Caleb’s Kids helps youth embrace positive mental health

Kiesha Jackson, founder and executive director of Caleb’s Kids  (Photo credit: Quenton Ross, Q11 Photography)

After Kiesha Jackson tragically lost her younger brother Caleb to suicide, she wanted to ensure that no family felt the type of pain her family endured. She also wanted to help youth work through life’s challenges without turning to risky behaviors. Transforming her pain into power, Jackson founded Caleb’s Kids.

Caleb’s Kids is a Detroit-based, nonprofit that focuses on suicide prevention, mental health awareness, coping skills and resilience for youth. The organization offers workshops centered around social and emotional learning and restorative practices that positively impact mental wellness.

Rolling out had the opportunity to speak with Jackson to learn more about her journey leading Caleb’s Kids.

Photo credit: Rhonda Jackson, Indigo Photography

Describe your role as founder and executive director.

The role of founder is critical to the creation of any organization. It is this person that saw a vision, need, rallied support and acted on it. I am responsible for the outreach, impact, strategic initiatives, outcomes and longevity of the organization.

What is your most memorable experience leading Caleb’s Kids? 

After one of our workshops in 2019, I had two participants ask if they could talk to me privately. Once we secured a private area, both youth expressed how they had previously struggled with their worth and had previously considered ending their lives. They stated that the tools and techniques learned in the workshop were so encouraging, practical, and relatable, that they now felt that they had tools to work through [their] emotions. They also stated they now felt comfortable speaking to their parents or a licensed professional when those future needs arise. This moment was additional confirmation that Caleb’s Kids is helping.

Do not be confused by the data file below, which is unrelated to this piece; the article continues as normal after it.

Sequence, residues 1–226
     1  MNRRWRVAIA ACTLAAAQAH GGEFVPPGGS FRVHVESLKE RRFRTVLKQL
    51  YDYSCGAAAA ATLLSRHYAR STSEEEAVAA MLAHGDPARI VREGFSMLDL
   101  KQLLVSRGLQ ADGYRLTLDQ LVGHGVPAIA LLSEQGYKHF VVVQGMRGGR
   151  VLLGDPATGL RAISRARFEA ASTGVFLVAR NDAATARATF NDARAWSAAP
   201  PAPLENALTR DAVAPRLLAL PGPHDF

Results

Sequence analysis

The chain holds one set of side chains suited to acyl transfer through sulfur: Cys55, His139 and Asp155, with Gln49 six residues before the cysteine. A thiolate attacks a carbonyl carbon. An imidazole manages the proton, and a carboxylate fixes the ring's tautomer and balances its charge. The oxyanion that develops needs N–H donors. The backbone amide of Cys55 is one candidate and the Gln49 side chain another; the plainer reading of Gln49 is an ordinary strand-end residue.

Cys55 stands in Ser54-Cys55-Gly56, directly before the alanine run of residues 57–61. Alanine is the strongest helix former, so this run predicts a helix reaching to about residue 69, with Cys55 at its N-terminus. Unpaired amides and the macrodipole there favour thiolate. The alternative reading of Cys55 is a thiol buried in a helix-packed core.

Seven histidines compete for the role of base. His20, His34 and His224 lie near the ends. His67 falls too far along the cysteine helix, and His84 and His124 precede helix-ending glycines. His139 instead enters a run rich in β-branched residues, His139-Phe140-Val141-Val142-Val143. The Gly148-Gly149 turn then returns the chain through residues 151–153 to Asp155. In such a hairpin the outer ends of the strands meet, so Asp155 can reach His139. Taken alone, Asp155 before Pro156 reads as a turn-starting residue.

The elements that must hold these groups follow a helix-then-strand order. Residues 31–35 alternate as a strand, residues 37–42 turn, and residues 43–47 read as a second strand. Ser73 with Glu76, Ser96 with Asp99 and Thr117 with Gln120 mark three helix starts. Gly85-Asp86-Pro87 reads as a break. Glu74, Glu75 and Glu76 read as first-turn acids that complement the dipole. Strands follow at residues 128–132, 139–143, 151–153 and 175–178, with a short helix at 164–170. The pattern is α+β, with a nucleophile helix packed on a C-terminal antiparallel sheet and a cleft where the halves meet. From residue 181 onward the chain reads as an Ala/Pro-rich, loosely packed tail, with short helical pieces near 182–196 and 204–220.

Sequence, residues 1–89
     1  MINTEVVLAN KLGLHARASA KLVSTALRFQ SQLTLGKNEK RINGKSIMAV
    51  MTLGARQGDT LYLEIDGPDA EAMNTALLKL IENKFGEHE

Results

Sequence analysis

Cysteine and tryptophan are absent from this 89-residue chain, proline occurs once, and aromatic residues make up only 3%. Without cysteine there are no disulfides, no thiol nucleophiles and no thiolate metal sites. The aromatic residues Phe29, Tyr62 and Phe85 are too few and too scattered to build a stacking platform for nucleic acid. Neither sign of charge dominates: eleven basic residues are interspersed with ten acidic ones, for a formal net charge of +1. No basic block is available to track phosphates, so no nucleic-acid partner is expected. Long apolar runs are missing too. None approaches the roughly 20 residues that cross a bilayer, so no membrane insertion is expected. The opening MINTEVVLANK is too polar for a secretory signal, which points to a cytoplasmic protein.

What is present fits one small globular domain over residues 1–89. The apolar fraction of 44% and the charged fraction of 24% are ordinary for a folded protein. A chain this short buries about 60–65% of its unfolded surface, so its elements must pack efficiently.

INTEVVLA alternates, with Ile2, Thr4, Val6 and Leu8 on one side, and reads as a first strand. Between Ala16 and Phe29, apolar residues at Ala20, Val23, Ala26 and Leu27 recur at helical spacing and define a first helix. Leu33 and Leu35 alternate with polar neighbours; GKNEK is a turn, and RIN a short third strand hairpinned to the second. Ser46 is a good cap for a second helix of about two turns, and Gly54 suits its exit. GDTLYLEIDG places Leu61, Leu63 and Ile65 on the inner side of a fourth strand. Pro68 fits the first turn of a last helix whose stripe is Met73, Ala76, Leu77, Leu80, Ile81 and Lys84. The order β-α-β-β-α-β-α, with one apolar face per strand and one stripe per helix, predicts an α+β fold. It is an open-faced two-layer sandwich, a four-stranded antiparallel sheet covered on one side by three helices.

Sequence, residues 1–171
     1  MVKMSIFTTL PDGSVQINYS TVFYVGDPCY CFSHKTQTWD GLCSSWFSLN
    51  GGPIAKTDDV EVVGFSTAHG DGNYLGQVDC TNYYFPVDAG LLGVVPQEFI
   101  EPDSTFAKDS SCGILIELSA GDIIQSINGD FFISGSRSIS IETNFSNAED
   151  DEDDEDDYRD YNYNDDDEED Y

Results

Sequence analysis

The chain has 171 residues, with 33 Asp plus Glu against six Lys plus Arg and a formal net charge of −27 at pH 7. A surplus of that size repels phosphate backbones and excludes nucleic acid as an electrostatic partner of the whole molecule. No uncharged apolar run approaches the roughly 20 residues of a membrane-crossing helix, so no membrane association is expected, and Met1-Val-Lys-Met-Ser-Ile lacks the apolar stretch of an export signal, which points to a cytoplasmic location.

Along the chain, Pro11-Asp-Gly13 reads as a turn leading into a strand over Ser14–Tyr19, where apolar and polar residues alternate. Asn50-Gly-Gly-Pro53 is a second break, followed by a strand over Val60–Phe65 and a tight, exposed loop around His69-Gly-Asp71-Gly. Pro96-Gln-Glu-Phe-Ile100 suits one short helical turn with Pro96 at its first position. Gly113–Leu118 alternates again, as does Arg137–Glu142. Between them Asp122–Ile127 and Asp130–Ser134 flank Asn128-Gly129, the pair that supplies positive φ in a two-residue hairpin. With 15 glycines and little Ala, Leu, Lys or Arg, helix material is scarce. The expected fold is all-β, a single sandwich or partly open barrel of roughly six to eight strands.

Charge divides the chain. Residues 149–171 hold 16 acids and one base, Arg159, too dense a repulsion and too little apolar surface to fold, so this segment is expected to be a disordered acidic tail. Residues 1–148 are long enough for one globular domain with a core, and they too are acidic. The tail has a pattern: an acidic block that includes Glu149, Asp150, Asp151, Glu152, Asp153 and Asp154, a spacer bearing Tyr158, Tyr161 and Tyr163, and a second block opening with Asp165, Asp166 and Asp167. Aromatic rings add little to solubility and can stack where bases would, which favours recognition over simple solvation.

How can others support young people experiencing mental health challenges? 

The biggest thing is to be there for the young people in your life. Oftentimes, they just need someone to listen. Another way is to familiarize yourself with different tools to help a young person in crisis. These resources are available on our website, as well as our social media pages. Daily, we post inspirational messages of hope that many young people and adults alike lean on for support.

What advice would you give to those looking to start a nonprofit? 

The biggest piece of advice is to just start. Most nonprofits struggle with having clear and concrete plans for success. I encourage you to create a five-year business plan. In creating that plan, don’t be afraid to change course along the way. Being adaptable and fluid to change helps us to continue the life-saving work and create value for that work.

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